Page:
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Ahhhh, lovey Arrowtown – a short drive away from the hubris and hustle of neighbouring Queenstown, Arrowtown has to be one of Otago’s cutest towns. Small, quaint and with an incredibly well preserved and historic looking main street, it could almost have come straight out of a old Western movie. Indeed, Arrowtown was used as a ‘Lord of the Rings’ filming location (mainly around the Arrow River basin area).
We have visited Arrowtown several times over the years, across all seasons – the summer greenery in the valley gives way to one of the most spectacular displays of Autumnal colours you’ll ever see in New Zealand’s south island. We’ve also been during the winter / ski season and had snowball fights in the streets here – so it perfect to visit and step back in time at any time of the year.
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Getting to Arrowtown
Given its distance from Queenstown (20km), there are several ways you can get here (accommodation in Arrowtown is pretty scant). Firstly, use a hire car and combine it as part of a much longer trip. Secondly, bike it or (hitch) hike it. Your other option is to jump on the hourly blue Orbus bus service from Queenstown for $5 (cash accepted) or buy a $5 GoCard for a cheaper fare of just $2 – great if you are doing multiple trips.
History of Arrowtown
Arrowtown is best known as a historic gold (rush) mining town. Gold was first found in the Arrow River in 1862 and a township soon sprang up to cope with the demands of the newly arrived inhabits. During its peak, Arrowtown had around 7,000 residents (today it has around 3,000 permanent residents but with a lot more tourists visiting than ever before).
Arrowtown Chinese Settlement
Part of the town’s gold mining history is brought to life by the Arrowtown Chinese settlement, a heritage listed restored village near the river that is free to visit. It shows what the conditions used to be used and the types of dwelling miners would inhabit.
We’ve also seen a number of gold-panning activities spring up over the years including one that has appeared near to the Arrow River since our last visit in 2017. Although we are no experts, these look a bit naff (big plastic tanks of water filled full of stones and the occasional gold fleck) and are probably best avoided.
Lakes District Museum
This is a museum situated on the main high street (Buckingham Street) set across three historical buildings, including the town’s bank. It goes into detail about the pioneering days for the early Chinese and European gold miner settlers, as well as early Maori. You can also explore an old Victorian schoolhouse, an old liquor den (‘grog shanty’) and a blacksmiths (a fee applies). There is also a free to visit section, which includes interpretation panels, plus an i-SITE with lots of tourist information booklets.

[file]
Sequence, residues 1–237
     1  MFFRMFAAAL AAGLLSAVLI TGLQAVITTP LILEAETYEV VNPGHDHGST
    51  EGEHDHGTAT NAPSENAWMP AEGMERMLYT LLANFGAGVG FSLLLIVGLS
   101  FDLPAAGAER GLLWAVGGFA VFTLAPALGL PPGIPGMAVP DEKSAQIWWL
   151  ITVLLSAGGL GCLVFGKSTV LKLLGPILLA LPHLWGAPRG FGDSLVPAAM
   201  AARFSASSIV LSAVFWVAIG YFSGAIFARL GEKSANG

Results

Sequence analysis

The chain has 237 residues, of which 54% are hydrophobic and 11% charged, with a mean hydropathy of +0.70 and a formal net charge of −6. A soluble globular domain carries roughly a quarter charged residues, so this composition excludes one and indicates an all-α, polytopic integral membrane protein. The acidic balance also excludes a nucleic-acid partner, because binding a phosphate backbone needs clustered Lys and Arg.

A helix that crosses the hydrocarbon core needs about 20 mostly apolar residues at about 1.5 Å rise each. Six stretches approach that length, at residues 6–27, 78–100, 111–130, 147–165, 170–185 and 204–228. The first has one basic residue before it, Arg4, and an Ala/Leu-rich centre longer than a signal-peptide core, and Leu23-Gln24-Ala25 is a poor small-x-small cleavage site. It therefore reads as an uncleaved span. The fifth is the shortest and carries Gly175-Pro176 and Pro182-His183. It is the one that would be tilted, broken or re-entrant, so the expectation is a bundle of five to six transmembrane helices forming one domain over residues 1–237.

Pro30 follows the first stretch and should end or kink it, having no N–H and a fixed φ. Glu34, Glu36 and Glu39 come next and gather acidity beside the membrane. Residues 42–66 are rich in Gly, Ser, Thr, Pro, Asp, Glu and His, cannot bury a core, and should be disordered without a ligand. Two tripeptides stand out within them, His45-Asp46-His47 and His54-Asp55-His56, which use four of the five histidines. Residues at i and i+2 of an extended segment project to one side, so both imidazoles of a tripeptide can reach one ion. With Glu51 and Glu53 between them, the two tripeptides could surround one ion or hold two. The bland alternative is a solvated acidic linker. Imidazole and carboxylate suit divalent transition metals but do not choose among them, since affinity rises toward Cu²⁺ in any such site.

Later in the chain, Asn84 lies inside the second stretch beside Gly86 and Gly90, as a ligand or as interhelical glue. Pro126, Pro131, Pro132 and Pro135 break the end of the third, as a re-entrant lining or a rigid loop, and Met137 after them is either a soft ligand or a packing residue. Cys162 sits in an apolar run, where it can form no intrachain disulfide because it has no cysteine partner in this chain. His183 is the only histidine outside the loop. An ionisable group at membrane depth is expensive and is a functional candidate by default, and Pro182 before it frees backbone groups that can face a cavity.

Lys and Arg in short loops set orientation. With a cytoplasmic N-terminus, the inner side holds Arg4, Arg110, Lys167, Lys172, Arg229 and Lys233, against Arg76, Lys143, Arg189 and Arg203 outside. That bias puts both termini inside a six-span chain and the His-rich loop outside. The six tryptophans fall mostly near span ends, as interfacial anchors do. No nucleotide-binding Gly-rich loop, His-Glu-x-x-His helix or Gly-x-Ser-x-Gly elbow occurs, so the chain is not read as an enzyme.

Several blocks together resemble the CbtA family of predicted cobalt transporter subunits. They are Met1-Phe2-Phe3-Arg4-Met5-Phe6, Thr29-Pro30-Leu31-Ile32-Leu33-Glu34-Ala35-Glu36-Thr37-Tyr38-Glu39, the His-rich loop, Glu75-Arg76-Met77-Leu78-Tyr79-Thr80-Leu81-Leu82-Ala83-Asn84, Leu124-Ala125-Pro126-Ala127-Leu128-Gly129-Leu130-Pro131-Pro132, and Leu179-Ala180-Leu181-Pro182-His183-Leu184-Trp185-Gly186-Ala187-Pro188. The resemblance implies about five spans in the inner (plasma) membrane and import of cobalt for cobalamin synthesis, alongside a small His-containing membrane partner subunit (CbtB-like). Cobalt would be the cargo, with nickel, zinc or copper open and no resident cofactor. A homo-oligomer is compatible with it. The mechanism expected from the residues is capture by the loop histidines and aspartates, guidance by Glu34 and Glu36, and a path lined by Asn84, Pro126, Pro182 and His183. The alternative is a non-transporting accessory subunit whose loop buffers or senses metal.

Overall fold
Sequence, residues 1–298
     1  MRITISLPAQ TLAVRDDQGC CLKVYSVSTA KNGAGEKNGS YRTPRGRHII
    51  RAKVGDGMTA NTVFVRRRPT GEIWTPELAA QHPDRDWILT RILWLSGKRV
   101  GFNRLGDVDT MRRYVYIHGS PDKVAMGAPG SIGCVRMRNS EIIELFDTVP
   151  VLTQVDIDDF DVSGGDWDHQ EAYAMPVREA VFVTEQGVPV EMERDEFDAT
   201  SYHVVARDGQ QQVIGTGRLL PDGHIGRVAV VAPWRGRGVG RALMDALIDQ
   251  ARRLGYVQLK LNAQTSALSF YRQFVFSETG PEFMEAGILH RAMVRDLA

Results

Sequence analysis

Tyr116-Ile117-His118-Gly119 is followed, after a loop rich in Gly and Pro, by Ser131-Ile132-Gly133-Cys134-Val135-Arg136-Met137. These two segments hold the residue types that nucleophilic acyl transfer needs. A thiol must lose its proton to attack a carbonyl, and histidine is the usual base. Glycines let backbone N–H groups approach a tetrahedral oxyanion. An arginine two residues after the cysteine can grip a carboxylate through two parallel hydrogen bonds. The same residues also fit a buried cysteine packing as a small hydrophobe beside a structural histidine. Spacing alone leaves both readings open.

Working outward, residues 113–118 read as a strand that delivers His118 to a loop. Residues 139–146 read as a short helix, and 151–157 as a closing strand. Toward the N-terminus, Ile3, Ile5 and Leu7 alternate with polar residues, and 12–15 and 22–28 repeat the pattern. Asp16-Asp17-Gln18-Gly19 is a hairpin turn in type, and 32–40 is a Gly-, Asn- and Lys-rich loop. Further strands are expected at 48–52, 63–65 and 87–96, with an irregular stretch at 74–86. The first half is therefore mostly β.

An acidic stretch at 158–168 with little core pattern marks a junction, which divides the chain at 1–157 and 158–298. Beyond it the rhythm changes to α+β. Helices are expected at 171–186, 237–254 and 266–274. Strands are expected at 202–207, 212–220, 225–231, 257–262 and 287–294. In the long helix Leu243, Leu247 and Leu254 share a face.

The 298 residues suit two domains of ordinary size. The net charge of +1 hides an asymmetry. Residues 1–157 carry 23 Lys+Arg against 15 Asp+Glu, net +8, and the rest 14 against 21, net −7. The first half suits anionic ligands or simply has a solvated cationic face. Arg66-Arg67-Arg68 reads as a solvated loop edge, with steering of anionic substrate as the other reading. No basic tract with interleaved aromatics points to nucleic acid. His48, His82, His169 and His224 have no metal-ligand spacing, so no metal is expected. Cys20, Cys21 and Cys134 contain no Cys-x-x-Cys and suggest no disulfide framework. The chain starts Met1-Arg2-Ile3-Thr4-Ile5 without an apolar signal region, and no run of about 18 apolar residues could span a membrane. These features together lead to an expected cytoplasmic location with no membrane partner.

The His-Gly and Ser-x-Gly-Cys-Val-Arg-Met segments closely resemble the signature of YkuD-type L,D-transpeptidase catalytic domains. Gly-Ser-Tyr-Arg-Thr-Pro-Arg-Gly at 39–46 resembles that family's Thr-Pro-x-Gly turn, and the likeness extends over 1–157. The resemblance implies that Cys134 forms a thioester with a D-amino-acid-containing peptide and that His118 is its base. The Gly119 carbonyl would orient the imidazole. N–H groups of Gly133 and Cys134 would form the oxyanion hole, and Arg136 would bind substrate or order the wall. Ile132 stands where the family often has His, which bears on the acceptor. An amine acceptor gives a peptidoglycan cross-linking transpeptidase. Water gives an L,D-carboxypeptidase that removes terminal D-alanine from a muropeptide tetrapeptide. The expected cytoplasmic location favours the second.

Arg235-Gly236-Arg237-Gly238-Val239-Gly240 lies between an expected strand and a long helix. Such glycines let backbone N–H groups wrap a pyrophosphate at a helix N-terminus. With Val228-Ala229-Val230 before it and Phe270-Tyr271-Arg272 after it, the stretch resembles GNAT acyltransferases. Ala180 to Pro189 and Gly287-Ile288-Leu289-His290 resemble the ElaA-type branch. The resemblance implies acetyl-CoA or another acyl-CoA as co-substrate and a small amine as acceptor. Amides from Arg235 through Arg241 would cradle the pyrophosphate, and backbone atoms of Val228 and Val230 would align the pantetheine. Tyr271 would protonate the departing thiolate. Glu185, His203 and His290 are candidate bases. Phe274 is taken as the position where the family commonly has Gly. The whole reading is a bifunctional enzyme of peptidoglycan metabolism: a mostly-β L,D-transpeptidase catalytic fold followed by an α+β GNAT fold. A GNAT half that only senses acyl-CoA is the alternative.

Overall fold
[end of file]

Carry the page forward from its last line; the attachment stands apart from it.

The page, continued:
FURTHER READING – The ultimate New Zealand bucket list – top 50 things to do
Historic Buckingham Street
For us, this is the main draw of Arrowtown – a bit like Cromwell’s Heritage Precinct, Buckingham Street feels so old and historic, and has still has oodles of character. If it wasn’t for the cars dotted along the street (and this is where Cromwell’s precinct feels more authentic), you really could be forgiven for feeling like you’ve stepped back in time (well, if you screw your eyes a little).
Many of the old buildings have been preserved and repurposed into shops and restaurants, and there are plenty of places to buy Kiwiana gifts, especially New Zealand wool and outdoor wear. On our most recent visit, there were also a few local fruit stalls on the street, selling local produce very cheaply (and they tasted so good).
One of the aesthetical highlights of Buckingham Street is the Arrowtown Post Office, built in 1915 and one of the few remaining NZ post offices still called a ‘Post and Telegraph Office’.
Walking in Arrowtown
Arrowtown is a hiker’s heaven (how busy the car parks can get by the Arrow River kind of proves this). There are fifteen listed walks in the area that vary from one hour strolls through to epic journeys that last several days (kind of like how it feels to watch the ‘Lord of the Rings’ movies to us!). Trail maps are available from the Arrowtown Museum.
Eating in Arrowtown
There are lots of nice looking restaurants in Arrowtown (La Rumbla both come highly recommended) but we have a confession to make – literally every time we visit (be it summer or winter), we always head to Arrowtown Bakery, situated at the start of Buckingham Street.
It is easy to find – just look for the big queues (summer) or follow the delicious smells of baking pies (winter). In fact, if you Google ‘Arrowtown Bakery’, the first articles that appear are Trip Advisor exclamations about how Arrowtown Bakery produces the best pies in New Zealand.
Our opinion is that on a good day, it is one of the best in New Zealand (our two Queenstown / Otago favourites are Arrowtown Bakery and Mrs Ferg Bakery). Their range of pies is huge (vegetarian options too) and frankly you’d be a fool if you at least didn’t pop in to see what they are cooking up!
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